Wednesday, June 25, 2008

TEAM's History

TEAM’s History

TEAM’s history begins with a young Swedish man who came to the United States in 1869. Fredrik Franson and his family settled on a farm in eastern Nebraska. The Fransons were dedicated Christians who had been members of the “free,” non-state church of Sweden. Fredrik, however, hadn’t experienced an authentic relationship with Christ.
After helping on the family farm for three years, Fredrik was struck with malaria and was unable to work for almost a year. During those days of inactivity, he read the Bible and searched for meaning in his life. His mother prayed for him and encouraged him, and eventually Fredrik came to a genuine relationship with the Savior.
Sensing the need for more training, Franson went to Chicago in 1876 hoping to meet the famous evangelist D.L. Moody. He became a part of the church founded by Moody and was trained by the evangelist as a counselor.
Franson eventually returned to Nebraska to minister to Scandinavian immigrants, but in 1879 he felt led to go to the Utah territory to minister to some 30,000 Swedish immigrants who had gone there for inexpensive land. Franson’s evangelistic endeavors were broadened to include the Mormons who had recently come to the Utah territory.
Two years later Franson left for his homeland. While carrying on an extensive ministry in Europe, he heard the well-known missionary statesman, Hudson Taylor, challenge people to go to China with the gospel. From that encounter, Franson got a vision to form missionary sending agencies in various European countries, and before he left the continent, six such organizations had come into being. All six agencies continue to send out missionaries to this day.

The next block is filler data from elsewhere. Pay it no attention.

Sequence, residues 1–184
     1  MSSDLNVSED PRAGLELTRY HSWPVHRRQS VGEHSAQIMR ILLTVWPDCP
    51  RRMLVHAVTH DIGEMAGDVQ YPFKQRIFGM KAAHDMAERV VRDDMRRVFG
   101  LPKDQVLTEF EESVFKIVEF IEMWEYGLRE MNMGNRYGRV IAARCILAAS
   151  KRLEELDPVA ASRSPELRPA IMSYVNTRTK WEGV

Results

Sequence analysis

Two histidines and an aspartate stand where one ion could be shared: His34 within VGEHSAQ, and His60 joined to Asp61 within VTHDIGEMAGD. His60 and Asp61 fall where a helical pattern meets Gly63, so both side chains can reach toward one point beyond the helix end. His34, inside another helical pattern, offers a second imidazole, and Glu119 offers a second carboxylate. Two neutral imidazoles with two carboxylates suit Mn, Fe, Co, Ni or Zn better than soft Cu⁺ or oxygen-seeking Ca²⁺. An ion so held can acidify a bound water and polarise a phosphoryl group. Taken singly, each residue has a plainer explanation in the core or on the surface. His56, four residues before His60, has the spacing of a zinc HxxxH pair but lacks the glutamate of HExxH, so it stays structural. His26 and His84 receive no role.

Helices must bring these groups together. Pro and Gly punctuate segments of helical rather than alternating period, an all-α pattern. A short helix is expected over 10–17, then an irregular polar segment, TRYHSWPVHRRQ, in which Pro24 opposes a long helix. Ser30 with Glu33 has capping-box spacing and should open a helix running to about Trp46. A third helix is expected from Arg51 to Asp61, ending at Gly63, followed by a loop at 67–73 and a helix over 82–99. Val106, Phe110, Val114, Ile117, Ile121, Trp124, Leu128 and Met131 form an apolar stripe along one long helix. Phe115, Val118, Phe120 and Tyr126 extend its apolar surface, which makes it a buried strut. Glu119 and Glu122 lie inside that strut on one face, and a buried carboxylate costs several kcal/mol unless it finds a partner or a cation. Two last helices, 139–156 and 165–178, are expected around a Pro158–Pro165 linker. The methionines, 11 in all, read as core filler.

After arriving back in America, Franson continued to preach. His desire to motivate others for cross-cultural missions led him to form a training class in Brooklyn, New York.
His first class on October 14, 1890, is recognized as the “birthday” of TEAM, although the early name for the agency was “The Scandinavian Alliance Mission.” This name reflected Franson’s vision to bring churches together into an alliance enabling even small congre-gations to have a part in sending out missionaries.
Classes were also initiated in Chicago, Minneapolis and Omaha. Soon a formal board of directors came into being, and on January 17, 1891, the first band of 35 missionaries boarded a train for the West Coast and eventually China.
Photographs of these early missionaries depict a dedicated group of people who chose to live and dress as the Chinese did. Other groups soon joined the first recruits, and Franson fervently challenged still more to go.
In order to get to China, the early missionaries had to pass through Japan, and that soon became a new field for the mission. In a similar manner, missionaries learned about the need in Tibet, and soon Franson had recruited missionaries to go there. In 1892 a small group went to Swaziland in southern Africa. In 1906 T.J. Bach and his wife left for Venezuela, South America. Bach would later become TEAM’s third General Director.
In 1908, following one of his lengthy trips to the fields, Franson took several days off to rest at the home of some friends in Idaho Springs, Colorado. One morning his host tried to wake him for breakfast, but he had died during the night.
Franson left behind no family or estate. His legacy was a group of dedicated people whose desire was to take the gospel to all people. Franson’s two passions— evangelism and church planting—continue to be the focus of TEAM’s worldwide ministry.
As was true when Franson founded the mission, TEAM’s purpose is to help churches send missionaries to establish reproducing churches in other nations to the glory of God.

TEAM• PO Box 969 Wheaton IL 60189-0969 • 800.343.3144 •

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